Thursday, March 5, 2009

Michigan Unemployment Hits 11.6%. Time to Raise Taxes!


Today it was announced that Michigan's unemployment rate hit 11.6%. What is governor Granholm's reaction? She announces her support for an increase in gas taxes! Great idea! She has already succeeded in increasing the income tax by 12% and increasing business taxes by 22%. That seems to be working out really well. Not.

Her insatiable appetite for more of your money won't be quenched until no one in Michigan is left with a job.

"In five years, you’re going to be blown away by the strength and diversity of Michigan’s transformed economy." - Governor Granholm, State of the State address, January 25, 2006 (unemployment rate was 6.2%).


  1. It's kind of funny, I've never seen the full "blown away" quote in context before (thanks for posting it).

    When one puts it in the actual context in which it was spoken - she's well on track to be right. In spite of the national recession and our high unemployment rate, we're still here and our quality of life is still high. Best of all, our economy is in the process of diverisification (as West Michigan's booming development demonstrates).

    The tax increases we passed were enough when we passed them; if it weren't for the current recession - the state budget would be $64 million in the black (and possibly more but the numbers on the return from the film credits and the Earned Income Tax Credit aren't in); the vast majority of the budget deficit we're facing is entirely due to the national economic situation.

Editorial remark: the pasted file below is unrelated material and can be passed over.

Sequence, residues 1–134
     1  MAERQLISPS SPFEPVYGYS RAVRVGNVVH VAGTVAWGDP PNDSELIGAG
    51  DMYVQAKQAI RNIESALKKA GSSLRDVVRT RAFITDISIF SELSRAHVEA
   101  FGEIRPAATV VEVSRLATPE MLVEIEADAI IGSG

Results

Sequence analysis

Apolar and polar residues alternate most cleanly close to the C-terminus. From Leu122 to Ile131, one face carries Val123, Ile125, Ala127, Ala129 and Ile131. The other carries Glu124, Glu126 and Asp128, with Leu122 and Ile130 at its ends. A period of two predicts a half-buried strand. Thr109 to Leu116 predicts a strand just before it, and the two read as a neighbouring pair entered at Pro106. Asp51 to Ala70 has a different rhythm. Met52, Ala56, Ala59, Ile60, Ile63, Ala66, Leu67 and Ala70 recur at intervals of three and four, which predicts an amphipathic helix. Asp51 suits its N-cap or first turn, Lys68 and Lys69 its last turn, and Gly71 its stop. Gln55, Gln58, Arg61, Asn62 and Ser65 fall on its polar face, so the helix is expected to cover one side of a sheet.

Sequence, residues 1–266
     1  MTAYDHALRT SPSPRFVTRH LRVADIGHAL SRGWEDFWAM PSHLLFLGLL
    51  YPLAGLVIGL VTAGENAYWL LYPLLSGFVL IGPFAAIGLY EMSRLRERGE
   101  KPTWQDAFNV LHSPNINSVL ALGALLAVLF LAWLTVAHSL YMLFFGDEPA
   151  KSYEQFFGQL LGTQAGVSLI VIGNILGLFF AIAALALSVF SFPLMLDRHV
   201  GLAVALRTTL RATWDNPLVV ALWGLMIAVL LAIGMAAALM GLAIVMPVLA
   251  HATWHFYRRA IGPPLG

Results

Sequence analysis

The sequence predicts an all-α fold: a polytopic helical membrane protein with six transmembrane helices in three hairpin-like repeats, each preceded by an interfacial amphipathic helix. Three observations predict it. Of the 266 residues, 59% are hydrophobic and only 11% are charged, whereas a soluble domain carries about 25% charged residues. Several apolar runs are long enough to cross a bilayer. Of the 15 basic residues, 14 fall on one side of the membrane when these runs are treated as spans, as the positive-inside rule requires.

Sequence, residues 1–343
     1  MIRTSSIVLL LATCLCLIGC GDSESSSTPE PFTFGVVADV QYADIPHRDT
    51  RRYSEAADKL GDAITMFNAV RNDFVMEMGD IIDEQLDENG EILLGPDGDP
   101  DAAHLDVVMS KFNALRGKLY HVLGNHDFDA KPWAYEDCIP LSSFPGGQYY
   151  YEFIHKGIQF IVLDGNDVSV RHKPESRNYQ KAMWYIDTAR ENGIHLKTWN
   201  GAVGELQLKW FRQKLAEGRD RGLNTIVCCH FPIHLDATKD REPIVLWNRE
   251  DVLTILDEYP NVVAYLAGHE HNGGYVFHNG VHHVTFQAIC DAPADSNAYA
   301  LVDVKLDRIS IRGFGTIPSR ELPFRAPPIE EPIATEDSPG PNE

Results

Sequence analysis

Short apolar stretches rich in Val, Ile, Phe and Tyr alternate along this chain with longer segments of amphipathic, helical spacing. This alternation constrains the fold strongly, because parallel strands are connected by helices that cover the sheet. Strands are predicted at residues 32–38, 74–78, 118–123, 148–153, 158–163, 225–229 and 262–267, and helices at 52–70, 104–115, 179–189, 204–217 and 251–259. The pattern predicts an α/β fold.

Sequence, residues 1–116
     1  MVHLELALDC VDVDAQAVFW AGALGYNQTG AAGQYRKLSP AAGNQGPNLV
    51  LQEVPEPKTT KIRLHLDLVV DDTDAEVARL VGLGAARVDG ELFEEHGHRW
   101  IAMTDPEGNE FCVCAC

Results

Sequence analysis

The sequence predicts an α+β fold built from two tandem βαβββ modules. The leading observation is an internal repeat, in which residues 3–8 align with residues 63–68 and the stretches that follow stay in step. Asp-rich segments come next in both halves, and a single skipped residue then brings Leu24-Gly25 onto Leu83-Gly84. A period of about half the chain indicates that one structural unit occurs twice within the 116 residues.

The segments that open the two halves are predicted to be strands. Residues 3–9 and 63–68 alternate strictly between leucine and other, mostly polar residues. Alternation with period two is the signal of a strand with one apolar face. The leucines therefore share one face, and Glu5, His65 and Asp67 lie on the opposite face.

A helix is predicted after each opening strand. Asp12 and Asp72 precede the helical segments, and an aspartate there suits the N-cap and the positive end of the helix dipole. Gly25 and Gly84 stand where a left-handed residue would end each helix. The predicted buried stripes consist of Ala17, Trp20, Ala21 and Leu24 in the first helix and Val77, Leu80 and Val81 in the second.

There's plenty of evidence that we need to go back to a more progressive tax structure. In spite of the fact that the wealthy are paying less proportionally than they have in years - that wealth isn't making its way to employment or economic growth:

    I'm curious to see if you've read Peter Luke's recent piece in the Press:

  2. Michigan's quality of life has been deteriorating. See the Senate Fiscal Agency's Dec 18 economic report:

    State employment has been dropping since 2000, and state wage growth has been lagging the national average for years (see pages 14 and 15). In fact, wage growth has been negative (see page 9).

    Michigan still has the highest dependency in the nation on the auto industry. I think West Michigan is the only bright spot in the state.

    I think a good argument could actually be made for a higher gas tax, assuming that the money actually goes to repairing road infrastructure, but the business tax surcharge is possibly the worst medicine for an ailing economy.

  3. Michigan's quality of life continues to deteriorate primarily because we're in the middle of a textbook structural change in employment and secondarily because of the idealogues who fight any attempt to change the state's outmoded tax structure (who wield disproportionate power because of the term-limited legislature which is in disarray).

    Stagnant wage growth isn't unique to Michigan though - that's been a nationwide trend for decades.

    I agree - the business surcharge was a terrible idea - but it was caused by those same idealogues who refused the alternative (lumping it into the income tax rate).